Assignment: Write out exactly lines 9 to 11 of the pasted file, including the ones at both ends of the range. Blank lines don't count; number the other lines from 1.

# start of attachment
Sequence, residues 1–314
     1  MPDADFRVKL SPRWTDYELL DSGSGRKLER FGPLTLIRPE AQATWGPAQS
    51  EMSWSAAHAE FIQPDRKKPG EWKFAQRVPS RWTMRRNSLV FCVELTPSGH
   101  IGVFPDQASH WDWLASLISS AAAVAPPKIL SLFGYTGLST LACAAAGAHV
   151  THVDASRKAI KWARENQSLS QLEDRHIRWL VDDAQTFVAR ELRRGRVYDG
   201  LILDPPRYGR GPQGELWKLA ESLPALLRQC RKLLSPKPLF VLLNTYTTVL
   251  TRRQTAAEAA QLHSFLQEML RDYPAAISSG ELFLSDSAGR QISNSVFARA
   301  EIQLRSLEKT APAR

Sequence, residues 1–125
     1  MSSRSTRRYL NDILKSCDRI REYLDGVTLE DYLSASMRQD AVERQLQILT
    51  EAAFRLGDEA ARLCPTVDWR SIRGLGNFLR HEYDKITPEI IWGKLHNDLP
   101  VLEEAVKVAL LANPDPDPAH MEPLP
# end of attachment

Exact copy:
Sequence, residues 1–125
     1  MSSRSTRRYL NDILKSCDRI REYLDGVTLE DYLSASMRQD AVERQLQILT
    51  EAAFRLGDEA ARLCPTVDWR SIRGLGNFLR HEYDKITPEI IWGKLHNDLP